Equity Financing Defined
Equity financing is the process to raise funds for a business by issuing shares (selling stock) in the market.
A little more an Equity Financing
When a company needs funds beyond what is available from operations, it generally has two options: 1) issue debt instruments (or take a loan), or 2) sell an ownership an ownership interest in the company. The latter is known as “equity financing”.
Equity financing varies in scope and size. Entrepreneurs raise million and even billion of dollars in funding through selling an equity interest at various stages of their business’s lifecycle.
When the company is incorporated and it issues shares for the first time, the process of raising funds for the first or selling shares for the first time is referred as “subscription” or subscribing.
Later, the startup may raise funds by selling equity to friends and family investors, angel investors, or later-stage venture capitalists. Once the company reaches the maturity stage, it may have the potential to raise capital by selling its shares to the public through a direct public offering (DPO) or through an Initial Public Offering (IPO).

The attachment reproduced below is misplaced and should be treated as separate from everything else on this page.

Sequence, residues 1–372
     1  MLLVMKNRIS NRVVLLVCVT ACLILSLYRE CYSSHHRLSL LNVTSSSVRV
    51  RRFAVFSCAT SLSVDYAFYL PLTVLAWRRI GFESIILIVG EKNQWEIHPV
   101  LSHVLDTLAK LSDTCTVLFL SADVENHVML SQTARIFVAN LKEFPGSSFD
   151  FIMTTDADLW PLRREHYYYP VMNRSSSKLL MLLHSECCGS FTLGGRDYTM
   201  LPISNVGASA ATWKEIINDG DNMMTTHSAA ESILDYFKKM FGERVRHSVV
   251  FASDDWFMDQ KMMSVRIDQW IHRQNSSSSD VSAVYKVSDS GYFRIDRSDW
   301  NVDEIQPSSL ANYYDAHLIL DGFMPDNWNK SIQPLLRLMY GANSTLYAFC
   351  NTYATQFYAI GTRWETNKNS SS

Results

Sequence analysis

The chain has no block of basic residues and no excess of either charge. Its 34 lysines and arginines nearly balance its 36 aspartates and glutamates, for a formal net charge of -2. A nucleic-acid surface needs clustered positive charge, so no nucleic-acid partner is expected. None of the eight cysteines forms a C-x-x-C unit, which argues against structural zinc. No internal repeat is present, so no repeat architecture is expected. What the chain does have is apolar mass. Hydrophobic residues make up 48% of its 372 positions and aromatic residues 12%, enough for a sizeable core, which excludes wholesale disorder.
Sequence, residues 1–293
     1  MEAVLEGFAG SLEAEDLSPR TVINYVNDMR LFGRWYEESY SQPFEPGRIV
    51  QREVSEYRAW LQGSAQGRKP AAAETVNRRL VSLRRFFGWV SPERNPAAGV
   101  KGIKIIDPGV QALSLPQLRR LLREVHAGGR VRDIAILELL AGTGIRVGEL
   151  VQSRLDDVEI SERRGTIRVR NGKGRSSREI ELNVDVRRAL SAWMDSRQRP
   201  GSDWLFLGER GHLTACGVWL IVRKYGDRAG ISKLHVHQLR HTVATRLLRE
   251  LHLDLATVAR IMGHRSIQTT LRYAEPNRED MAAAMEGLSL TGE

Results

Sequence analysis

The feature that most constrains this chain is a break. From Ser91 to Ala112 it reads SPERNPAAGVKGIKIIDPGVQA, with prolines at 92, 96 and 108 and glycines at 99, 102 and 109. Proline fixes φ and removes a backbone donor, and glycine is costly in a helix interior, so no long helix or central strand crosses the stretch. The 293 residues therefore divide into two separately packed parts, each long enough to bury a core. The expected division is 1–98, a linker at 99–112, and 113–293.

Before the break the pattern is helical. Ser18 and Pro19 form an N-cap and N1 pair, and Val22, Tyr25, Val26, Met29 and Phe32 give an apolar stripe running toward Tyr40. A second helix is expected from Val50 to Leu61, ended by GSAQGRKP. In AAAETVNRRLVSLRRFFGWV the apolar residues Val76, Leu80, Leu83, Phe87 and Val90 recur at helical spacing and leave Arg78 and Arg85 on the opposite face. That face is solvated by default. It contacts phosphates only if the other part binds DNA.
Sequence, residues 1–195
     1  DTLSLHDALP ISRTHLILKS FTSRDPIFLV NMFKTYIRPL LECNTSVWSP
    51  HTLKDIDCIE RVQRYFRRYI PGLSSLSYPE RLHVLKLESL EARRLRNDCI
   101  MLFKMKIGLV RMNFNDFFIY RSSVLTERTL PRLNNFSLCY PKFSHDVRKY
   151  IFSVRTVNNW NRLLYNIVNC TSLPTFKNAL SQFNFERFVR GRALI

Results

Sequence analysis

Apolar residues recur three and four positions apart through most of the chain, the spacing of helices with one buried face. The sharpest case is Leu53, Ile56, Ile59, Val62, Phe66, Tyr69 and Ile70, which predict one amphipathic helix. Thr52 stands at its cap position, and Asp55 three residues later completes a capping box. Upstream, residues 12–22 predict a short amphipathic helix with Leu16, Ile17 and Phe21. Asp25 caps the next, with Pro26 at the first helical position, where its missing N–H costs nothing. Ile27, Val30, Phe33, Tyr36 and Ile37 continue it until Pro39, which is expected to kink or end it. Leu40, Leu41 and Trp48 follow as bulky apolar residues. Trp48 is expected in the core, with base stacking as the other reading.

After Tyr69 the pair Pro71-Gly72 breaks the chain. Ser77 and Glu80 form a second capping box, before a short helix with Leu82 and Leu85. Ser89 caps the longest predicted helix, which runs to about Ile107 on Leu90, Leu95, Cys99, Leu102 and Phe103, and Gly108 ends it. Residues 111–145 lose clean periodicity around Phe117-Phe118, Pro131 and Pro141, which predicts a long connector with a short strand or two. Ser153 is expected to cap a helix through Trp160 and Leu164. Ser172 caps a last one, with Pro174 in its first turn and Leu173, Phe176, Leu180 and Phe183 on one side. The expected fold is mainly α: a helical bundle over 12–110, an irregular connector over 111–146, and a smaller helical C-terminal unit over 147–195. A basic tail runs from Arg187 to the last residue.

Equity financing may entail the sale of common equity (or common shares) or the issuance of preferred stock with special rights for the investor. The founder of a business entity generally receive common shares or some form of founder’s shares. The same is true for early-stage, friends and family investors. Angel investors and venture capitalists generally require some form of preferred share. The most common characteristics of the preferred shares are liquidation preferences, conversion right, redemption rights, anti-dilution protection, and registration rights. These shares rarely entail dividend rights, as it is rare of a startup company to have profits or to issue dividends. All available funds are used for growth.
How Equity Financing Is Regulated
Equity markets are regulated by the Security and Exchange Commission (SEC) to protect investors from fraudulent practices. This is the main function of Security and Exchange Commission to make certain that companies selling their shares publicly make full and accurate disclosures to potential investors. It is also worth noting that securities exchanges engaged in selling public securities also have very extensive requirements for companies listing their securities for sale.